“This is a huge statement for the city of Portsmouth,” remarked Bingham. “Being the first commercial solar hot water system, we think other businesses will be able to see the viability and hopefully follow suit.”
Jay McSharry, owner of Jumpin Jay’s, was equally enthused about the decision.
“We’re hoping this can serve as a template that other businesses can replicate,” he said. “So we’re paving the way for others, while at the same time giving Jack a great model he can use to present to other businesses in the area.”
Coupled with the existing hot water system, Bingham expects the new solar array to generate upwards of a 56% annual savings for Jumpin’ Jay’s.
My name is Clare Lloyd Owen and I just returned home from my sophomore year at Roanoke College located in Salem, Virginia and I quickly have found myself being thrown back into the mix of a typical New England summer, days of rain followed by the tease of the beaming sun.
Finally this spring, after sometime pondering different majors I decided to focus on environmental policy. It may have been the courses that swayed my decision, with Overpopulation Problems, Environmental Sociology and Environmental Studies capturing my attention the moment I stepped in the classroom. Or it may have been the first moment I began hearing about environmental issues, flashing back to my days at Berwick Academy.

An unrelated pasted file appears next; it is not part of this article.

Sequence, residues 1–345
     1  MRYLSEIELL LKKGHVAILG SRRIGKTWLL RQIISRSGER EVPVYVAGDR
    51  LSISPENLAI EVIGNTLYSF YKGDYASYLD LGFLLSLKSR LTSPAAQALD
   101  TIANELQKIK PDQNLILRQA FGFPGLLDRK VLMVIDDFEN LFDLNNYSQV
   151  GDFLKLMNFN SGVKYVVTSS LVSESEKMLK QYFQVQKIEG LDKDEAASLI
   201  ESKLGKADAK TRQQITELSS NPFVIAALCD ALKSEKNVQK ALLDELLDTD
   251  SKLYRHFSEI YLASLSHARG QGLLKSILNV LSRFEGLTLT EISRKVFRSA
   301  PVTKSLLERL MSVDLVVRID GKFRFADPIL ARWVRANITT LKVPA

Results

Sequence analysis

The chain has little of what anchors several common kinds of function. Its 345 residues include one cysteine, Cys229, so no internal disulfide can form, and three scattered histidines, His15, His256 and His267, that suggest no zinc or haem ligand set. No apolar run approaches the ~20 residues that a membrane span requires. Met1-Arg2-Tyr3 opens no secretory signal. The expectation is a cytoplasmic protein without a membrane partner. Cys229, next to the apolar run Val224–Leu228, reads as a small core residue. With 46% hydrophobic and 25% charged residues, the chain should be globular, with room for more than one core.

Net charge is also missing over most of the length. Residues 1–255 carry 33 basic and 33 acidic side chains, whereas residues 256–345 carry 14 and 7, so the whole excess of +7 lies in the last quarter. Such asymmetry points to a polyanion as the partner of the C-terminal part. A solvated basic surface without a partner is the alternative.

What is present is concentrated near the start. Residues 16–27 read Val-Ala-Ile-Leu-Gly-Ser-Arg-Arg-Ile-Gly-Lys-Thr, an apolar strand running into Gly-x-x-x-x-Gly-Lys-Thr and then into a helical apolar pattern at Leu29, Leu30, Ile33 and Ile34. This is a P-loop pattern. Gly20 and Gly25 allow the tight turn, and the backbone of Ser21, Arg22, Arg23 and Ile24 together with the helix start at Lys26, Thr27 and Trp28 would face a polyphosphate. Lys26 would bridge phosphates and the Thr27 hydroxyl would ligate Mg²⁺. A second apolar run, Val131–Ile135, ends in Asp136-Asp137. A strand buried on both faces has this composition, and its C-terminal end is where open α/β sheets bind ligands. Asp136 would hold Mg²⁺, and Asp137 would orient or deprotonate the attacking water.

Now I find myself almost four years later back on the (sometimes) sunny seacoast, interning at the Green Alliance in downtown Kittery. After a few hours at our first day at The Green Alliance, we (myself and another intern, Lief) have already been thrown into the action. Writing blog posts and listening to interviews, time for adjustment isn’t needed here.
I have infinite love for the sea, the beach and the East Coast so I couldn’t be more pleased with the summer days that await me. From blogging about green companies and organizations, relaxing in downtown Portsmouth, to the much needed beach days resulting in satisfying sunburns, this summer is full of promise.
As gas prices climb higher and higher and the thought of filling up a gas tank leaves many cringing, there is a solution in sight. Ezee Bikes located in Exeter has a great line of scooters that offer endless benefits. These scooters, which can easily get anywhere from 2 -5 times the gas mileage as typical vehicles, make the choice easy: scooters are the way to go, especially during our beloved warm-weather season! Currently Ezee Bikes sells gas-powered scooters, but they are actively looking into carrying electric scooters .